Ashes 2013-14: Boycott and Vaughan on England's collapse

Mitchell Johnson

England's "pathetic" batting collapse in Brisbane has "gifted" the first Ashes Test to Australia, according to former opener Geoffrey Boycott.

The tourists lost six wickets for nine runs in 10 overs as they crumbled from 82-2 to 136 all out on day two.

"It's very sad to see them almost give away the Test match like this," Boycott said, as Australia closed with a lead of 224 runs.

"England are not going to get out of jail here."

The Analyst: How Mitchell Johnson inspired England's collapse

England's reply to Australia's 295 all out appeared to be going well when they reached 82-2, before Kevin Pietersen (18) clipped Ryan Harris to mid-wicket, signalling the beginning of England's spectacular collapse.

Michael Carberry, playing in his first Ashes Test, batted well to reach 40 before being worked over by Mitchell Johnson (4-61), edging to slip. Ian Bell and Matt Prior then fell to consecutive Nathan Lyon deliveries.

"It's been decent bowling by Australia but the batting has been pathetic," Boycott, who scored 8,114 runs in 108 Tests for England, told BBC Test Match Special.

"They've played some poor shots. The problem is we've seen it all before.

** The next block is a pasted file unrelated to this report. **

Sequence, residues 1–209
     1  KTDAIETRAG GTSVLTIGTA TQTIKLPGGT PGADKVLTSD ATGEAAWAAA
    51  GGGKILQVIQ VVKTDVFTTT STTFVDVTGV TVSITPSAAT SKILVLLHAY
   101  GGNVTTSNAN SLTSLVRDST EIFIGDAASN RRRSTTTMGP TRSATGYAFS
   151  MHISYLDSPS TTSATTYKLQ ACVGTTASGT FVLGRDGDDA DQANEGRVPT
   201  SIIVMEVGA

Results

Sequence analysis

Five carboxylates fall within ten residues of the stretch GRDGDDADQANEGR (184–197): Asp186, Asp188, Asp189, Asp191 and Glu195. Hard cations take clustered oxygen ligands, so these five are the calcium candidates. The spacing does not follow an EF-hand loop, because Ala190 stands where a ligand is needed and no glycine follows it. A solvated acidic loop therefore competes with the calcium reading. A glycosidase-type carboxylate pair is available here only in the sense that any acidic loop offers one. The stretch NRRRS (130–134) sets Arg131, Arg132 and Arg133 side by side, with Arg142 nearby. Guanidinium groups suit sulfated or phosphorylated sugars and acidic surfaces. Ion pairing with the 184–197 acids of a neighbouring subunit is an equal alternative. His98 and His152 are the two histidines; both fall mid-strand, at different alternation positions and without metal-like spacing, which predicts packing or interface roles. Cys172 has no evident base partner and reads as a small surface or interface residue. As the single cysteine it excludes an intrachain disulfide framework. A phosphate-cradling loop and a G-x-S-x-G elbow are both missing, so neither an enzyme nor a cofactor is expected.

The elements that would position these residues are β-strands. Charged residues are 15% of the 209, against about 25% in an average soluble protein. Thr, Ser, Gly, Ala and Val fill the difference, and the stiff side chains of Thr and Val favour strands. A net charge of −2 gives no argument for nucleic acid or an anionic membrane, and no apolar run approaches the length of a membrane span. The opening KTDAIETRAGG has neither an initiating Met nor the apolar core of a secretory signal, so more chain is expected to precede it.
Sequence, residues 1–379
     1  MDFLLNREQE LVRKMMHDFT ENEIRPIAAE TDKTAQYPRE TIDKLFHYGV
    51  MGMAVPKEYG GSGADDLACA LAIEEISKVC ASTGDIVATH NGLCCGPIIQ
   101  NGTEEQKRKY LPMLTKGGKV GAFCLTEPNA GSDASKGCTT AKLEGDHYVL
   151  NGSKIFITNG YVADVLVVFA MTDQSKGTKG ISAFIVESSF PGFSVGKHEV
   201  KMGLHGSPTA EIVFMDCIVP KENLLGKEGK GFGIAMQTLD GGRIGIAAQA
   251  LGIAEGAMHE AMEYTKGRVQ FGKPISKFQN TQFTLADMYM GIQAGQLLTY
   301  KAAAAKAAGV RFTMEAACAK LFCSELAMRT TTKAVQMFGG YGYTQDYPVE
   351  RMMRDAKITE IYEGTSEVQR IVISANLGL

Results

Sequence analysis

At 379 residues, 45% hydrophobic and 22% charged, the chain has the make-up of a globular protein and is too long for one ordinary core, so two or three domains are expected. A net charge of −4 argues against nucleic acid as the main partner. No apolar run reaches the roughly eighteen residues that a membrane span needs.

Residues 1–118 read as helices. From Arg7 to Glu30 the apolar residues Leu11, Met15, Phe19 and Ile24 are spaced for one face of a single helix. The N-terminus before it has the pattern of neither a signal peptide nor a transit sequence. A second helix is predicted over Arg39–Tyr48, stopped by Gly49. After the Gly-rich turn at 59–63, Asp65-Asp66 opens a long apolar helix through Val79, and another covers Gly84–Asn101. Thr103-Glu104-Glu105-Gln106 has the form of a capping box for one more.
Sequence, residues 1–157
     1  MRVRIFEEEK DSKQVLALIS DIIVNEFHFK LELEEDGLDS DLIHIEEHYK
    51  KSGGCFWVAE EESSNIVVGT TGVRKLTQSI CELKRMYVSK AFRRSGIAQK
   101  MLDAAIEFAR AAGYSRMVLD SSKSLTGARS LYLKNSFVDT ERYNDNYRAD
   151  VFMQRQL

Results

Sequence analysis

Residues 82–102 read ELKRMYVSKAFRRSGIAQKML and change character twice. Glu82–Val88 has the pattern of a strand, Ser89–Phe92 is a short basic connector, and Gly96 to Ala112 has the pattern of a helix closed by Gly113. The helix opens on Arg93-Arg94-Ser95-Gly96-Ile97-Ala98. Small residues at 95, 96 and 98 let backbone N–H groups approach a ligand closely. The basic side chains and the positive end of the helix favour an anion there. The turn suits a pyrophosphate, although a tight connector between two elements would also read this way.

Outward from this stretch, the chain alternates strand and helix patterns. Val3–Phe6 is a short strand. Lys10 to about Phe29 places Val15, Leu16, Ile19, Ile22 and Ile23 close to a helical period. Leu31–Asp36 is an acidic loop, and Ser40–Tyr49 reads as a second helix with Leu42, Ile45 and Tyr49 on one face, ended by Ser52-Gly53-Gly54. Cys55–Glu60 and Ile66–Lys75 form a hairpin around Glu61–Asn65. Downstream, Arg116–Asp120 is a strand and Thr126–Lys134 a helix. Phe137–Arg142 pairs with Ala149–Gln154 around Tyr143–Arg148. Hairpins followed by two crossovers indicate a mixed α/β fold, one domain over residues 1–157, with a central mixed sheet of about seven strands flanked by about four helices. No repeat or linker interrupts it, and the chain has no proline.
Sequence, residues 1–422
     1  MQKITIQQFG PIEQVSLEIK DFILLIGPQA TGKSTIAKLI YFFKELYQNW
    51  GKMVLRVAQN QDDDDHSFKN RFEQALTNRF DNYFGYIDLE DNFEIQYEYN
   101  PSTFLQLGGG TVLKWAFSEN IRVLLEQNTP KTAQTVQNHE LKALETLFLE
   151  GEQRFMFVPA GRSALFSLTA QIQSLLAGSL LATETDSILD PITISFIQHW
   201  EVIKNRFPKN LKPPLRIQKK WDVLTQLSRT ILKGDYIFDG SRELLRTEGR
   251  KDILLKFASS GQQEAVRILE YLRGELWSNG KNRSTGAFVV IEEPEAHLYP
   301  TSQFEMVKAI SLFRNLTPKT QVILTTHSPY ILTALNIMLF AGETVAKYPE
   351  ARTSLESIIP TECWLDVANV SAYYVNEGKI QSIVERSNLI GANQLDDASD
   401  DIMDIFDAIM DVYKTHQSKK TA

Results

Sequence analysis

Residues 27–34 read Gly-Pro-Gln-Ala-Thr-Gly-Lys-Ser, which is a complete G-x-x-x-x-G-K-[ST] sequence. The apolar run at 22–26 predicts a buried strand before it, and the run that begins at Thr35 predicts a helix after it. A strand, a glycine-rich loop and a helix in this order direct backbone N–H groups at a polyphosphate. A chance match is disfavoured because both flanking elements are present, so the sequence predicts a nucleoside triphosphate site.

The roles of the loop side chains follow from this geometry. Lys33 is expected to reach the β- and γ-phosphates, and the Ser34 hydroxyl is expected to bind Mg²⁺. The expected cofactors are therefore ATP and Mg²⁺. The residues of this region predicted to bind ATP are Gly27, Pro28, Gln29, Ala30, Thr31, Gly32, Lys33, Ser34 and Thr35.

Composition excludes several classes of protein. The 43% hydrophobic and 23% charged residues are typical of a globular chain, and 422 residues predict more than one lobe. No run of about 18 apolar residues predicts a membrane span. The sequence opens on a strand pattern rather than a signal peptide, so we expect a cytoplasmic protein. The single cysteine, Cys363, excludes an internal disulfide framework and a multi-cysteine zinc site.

"England have an 82-page booklet on what to eatexternal-link but one guy comes in and bowls at 90mph and they can't handle it.

"Australia should now set England 450 to win and get stuck into them in the afternoon session on the third day while they are still shaken up."

England's fallibility against pace bowling was evident once again, with both Johnson and Ryan Harris (3-28) bowling faster than their England counterparts.

And Michael Vaughan, who captained England to Ashes success in 2005, is worried at the flaws exposed by the Australian bowling attack.

"I can never remember such a brutal, nasty day," added Vaughan. "It was 90mph all the way from Johnson and Harris. It was unrelenting.

"I feel sorry for the England tail - they know for the next four matches that they will be bombarded with short stuff, with men all around the bat.

"When the pitch has zip in it - like at Old Trafford last summer and Perth in the last Ashes series - England show they have got issues. A bit of pace and bounce and they look like being blown away."

Carberry explains England collapse

With a commanding lead, and 10 wickets intact, Australia have three days to try to force victory in the series opener.

Australia wicketkeeper Brad Haddin top-scored with 94 in the hosts' first innings and said: "The Gabba's one of those grounds where things can happen quite quickly, especially with the extra bounce.

"We've got a long way to go in this match and have to turn up tomorrow. It's up to us to make sure we're on."

England's only solace is the memory of their last trip to Brisbane in 2010, when Alastair Cook made an unbeaten 235 and Jonathan Trott 135 not out as the tourists recovered from a first-innings deficit of 221 to post 517-1 declared in their second innings.

"We know there are still three days to go, so we're not totally out of it," said Carberry. 'We'll come out tomorrow hot.

"I think the batsmen obviously feel a little down about the session but the feeling in the dressing room is still pretty positive."